Staff Sergeant Lafayette Pool and his M4A1 (76mm) Sherman tank
Lafayette Pool, a tall, lanky Texan, served just over 80 days in combat from 27 June 1944 until 19 September 1944. Yet his combat career was so successful that many historians consider him to be not just the greatest tank ace of World War II but the greatest tank ace ever. He destroyed 258 enemy vehicles and twelve tanks (mostly Panthers) while capturing 250 enemy soldiers. Pool was what the army calls a ‘hard charger’ and a real go- getter. As a boxing champion, he even fought an exhibition match with the great Joe Louis. He volunteered for tank duty. When the new M4 Sherman tanks were assigned to his unit, he gave up a championship fight so he could train with his men.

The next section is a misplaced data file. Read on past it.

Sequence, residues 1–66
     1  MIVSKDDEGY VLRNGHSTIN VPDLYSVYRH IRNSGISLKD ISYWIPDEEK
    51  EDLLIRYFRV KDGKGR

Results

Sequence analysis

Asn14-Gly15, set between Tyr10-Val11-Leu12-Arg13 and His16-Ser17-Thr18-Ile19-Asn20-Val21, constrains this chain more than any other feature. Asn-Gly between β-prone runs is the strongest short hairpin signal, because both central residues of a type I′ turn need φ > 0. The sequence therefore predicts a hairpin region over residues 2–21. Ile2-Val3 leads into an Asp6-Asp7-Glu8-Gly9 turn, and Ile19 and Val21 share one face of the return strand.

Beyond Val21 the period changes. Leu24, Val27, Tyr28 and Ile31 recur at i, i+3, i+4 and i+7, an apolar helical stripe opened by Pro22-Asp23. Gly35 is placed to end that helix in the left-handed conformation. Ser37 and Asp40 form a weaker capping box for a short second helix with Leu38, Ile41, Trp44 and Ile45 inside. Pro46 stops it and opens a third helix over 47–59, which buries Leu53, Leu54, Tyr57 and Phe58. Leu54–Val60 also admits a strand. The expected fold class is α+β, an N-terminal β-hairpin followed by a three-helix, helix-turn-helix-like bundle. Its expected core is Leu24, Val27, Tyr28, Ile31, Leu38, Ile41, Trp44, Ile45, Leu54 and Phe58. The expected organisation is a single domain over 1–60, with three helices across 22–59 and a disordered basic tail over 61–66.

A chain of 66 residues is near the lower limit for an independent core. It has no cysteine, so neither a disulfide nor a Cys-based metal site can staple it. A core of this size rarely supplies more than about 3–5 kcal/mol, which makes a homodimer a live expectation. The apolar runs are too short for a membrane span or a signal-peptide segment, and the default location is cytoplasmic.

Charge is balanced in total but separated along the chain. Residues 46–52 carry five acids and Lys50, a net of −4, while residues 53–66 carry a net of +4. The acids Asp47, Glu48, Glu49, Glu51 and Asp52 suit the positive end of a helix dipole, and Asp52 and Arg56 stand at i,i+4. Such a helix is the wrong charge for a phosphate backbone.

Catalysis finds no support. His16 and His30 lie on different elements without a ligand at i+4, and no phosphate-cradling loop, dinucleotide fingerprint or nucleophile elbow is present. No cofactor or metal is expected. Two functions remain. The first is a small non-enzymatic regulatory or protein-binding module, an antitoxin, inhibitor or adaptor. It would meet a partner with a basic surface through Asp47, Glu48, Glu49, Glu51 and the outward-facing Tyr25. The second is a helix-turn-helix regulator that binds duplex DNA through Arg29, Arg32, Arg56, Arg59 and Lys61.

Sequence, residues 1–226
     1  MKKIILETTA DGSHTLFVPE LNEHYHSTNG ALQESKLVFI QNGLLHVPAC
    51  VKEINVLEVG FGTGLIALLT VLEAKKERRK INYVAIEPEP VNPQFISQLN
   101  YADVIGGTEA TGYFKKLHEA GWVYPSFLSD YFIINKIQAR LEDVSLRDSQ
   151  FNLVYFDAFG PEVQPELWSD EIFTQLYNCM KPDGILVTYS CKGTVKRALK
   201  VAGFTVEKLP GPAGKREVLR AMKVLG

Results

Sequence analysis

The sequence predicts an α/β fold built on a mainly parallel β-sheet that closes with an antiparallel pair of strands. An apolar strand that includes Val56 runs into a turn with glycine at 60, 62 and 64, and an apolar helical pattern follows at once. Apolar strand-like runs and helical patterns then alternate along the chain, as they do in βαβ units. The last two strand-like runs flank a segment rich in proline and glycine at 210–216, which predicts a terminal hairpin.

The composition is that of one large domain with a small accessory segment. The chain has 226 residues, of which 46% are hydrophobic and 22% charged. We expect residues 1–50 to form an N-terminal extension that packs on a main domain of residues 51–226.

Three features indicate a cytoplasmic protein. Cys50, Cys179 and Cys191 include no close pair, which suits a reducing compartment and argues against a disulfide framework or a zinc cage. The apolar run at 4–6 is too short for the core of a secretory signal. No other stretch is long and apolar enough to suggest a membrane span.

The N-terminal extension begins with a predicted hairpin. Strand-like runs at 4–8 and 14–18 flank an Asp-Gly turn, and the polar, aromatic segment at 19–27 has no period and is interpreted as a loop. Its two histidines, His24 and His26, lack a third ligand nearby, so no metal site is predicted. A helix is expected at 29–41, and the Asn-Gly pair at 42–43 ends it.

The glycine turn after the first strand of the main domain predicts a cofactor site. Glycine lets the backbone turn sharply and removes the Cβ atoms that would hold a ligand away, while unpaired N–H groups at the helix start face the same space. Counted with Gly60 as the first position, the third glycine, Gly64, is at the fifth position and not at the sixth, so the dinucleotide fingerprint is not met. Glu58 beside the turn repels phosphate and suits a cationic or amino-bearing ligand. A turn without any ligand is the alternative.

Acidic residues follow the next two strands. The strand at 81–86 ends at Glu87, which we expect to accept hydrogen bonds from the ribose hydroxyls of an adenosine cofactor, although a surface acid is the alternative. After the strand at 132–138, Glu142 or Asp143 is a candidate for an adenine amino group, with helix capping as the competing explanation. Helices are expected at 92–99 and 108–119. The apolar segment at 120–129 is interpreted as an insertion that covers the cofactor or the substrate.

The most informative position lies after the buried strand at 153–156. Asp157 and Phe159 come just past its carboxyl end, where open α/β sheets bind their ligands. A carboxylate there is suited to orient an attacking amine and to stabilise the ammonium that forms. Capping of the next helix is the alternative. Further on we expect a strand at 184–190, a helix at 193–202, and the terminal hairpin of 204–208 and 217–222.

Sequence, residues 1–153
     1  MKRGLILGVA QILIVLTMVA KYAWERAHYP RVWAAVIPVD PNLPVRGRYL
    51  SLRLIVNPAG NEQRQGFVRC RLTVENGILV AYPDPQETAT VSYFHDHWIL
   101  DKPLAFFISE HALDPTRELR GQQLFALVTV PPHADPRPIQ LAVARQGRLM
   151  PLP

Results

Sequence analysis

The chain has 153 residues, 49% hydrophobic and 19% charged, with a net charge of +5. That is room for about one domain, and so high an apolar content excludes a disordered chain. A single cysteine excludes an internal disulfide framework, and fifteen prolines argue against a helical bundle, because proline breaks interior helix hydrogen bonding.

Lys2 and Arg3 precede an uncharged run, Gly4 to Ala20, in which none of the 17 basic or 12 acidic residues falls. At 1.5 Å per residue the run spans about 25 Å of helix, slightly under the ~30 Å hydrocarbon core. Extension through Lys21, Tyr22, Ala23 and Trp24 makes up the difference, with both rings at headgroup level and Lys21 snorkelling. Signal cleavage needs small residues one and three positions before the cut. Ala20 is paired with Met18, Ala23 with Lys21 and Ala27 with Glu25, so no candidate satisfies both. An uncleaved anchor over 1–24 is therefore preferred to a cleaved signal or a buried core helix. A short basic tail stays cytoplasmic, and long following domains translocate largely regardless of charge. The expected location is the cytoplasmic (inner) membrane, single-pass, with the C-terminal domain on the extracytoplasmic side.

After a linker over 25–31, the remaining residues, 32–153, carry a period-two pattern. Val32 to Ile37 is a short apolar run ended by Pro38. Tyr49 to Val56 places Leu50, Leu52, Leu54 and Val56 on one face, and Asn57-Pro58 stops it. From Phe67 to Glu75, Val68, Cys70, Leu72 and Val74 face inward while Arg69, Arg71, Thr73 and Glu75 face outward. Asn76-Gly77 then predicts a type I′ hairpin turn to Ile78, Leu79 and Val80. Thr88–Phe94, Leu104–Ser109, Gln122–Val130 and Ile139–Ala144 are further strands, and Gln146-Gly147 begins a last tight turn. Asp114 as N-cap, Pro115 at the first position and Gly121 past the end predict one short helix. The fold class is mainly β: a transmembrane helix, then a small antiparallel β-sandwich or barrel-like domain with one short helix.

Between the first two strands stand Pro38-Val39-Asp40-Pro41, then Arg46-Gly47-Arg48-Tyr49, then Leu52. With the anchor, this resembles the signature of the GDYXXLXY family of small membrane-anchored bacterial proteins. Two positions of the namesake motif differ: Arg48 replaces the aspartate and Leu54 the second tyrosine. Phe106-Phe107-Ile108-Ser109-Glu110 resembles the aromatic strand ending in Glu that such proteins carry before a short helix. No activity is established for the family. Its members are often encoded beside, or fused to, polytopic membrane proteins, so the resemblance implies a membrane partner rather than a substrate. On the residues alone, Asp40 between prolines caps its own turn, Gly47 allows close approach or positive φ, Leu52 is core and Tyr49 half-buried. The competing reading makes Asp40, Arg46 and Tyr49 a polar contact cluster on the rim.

He was a demanding taskmaster who twice turned down promotion to Lieutenant so he could train his men, and his men loved him for it. His tank crew called him ‘War Daddy’ and he called them his ‘Pups’. His colourful crew were driver PFC Wilbert ‘Baby’ Richards, bow gunner Corporal Bert ‘School Boy’ Close, loader T/5 Del ‘Jailbird’ Boggs and gunner Cpl. Willis ‘Ground Hog’ Oller. The first tank they rode into combat was a standard M4A1 Sherman named ‘In the Mood’. During Pool’s tour in combat he had three different tanks of that name shot out from under him. Pool was assigned to Item Company, 3rd Battalion, 32nd Armored Regiment, 3rd Armored Division, known as the ‘Spearhead’ Division. Pool was known as the ‘Spearhead of the Spearhead Division’. He led his unit into 21 full-scale attacks and his preferred tactic was to charge in close and mix it up, even against powerful opponents like the Panther. “We were the invincible arm of the Lord’s wrath,” Pool would later say. “We were fighting a war we saw simply as good against evil.” Pool’s luck finally ran out on the night of 19 September 1944 as ‘In the Mood III’ was ambushed by an ‘88’ anti-tank gun. The tank was hit twice, destroying the turret. His crew received only minor wounds, but Pool lost a leg. He was twice recommended for the Medal of Honor, yet it seems Pool was more concerned with smashing the German Army, even if he had to do it himself.